AUGSBURG, Germany (Dec. 12, 2013) -- In the year 15 B.C., Romans founded a garrison camp where the Lech and Wertach rivers meet. They named the city after their emperor, Augustus. Today, that city, the third largest in Bavaria and the third oldest in Germany, still carries the name of its once-ruler.

Augsburg, though famous for its antiquity, serves as a destination for many visitors during the holiday season due to its Christmas market. It was for this reason that U.S. Army Garrison Ansbach's Outdoor Recreation program visited the ancient town Dec. 7.

The Christmas market is held in the town square with a giant Christmas tree and a two-story Weihnachtpyramide, or Christmas pyramid. The large Christmas pyramid, like its smaller tabletop counterpart, has figurines that move within it and a propeller at the top. Augsburg's Rathaus, or city hall, overlooks the market. Strings of lights blaze the soft-lit illusion of warmth over the bustling crowd of tightly wrapped tourists.

Like many other Christmas markets, vendors in booths sell a variety of goods, some Christmas-related, some not. Visitors can find toys, knickknacks, cooking equipment, locally produced honey, cold-weather clothing, candle holders and other crafts. If in the mood for Christmas goods, there are tree ornaments, children's Christmas books, figurines of angels, nutcrackers and more.

For a trip in early December, the Ansbach group enjoyed temperatures several degrees warmer than freezing. Despite the relatively warm weather, attendees still purchased warm beverages, including Glühwein, a hot mulled wine, and Kinderpunsch, a non-alcoholic drink. Many traditional Christmas foods were available as well, including Lebkuchen, a variety of roasted nuts, skewered chocolate-covered fruits and more.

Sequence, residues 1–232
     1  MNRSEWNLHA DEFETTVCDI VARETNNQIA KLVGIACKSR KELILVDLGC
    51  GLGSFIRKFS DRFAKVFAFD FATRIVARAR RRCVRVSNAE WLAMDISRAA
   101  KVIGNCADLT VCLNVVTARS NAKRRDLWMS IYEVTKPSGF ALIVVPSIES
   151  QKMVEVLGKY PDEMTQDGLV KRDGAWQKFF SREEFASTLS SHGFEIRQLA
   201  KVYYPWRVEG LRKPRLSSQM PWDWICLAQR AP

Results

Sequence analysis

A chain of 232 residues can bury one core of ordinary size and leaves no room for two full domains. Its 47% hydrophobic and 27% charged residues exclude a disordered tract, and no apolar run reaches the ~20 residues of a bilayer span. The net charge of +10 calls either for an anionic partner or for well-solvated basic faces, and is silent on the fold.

Grace Suarez, her husband Alquin and daughter Angela, had only been in Germany for a few months. This was their first Christmas market, and one of the priorities was to try German cuisine. They tried the Dampfnudel, a steamed dough ball, which was covered in vanilla custard.

"This one was just the dough, and it was good," said Grace. "We want to see places because we want to try the food."

The Rathaus, beneath which the market takes place, offers its own attraction to market visitors. The hall is famous for its Golden Hall, or der Goldener Saal. The name of the hall is accurately descriptive of its ornate, golden walls and ceiling, a literally bright example of Renaissance interior design.

The Rathaus closes to tourists at 6 p.m., but during the Christmas market this means that the visitors amass tightly outside the front of the building. During the market, a bizarre pageant takes place. A host of angels, actors and actresses dressed in wigs and wings, pretend to play along to music from a speaker on organ, trumpet, lute and other instruments. The host beams smiles over the crowd while moving as if they were mimicking less the celestial beings they are meant to and more the decorative apparatuses of a timepiece.

The crowd cheers and claps at the conclusion of the event. After a few hours at the market, the Ansbach group left the market at 8 p.m. During the ride through Bavaria, the families talked and slept on the way back.

Outdoor Recreation visits another Christmas market this weekend in Strasbourg, France. Strasbourg sits close to the border with Germany and because of changing hands between the two countries, reflects the culture of both France and Germany. Visitors to this Christmas market have a chance to see a German-flavored French Christmas market.

To learn more about this trip, call Outdoor Recreation at 09802-83-3225 or DSN 467-3225.

To learn more about Christmas markets in general, visit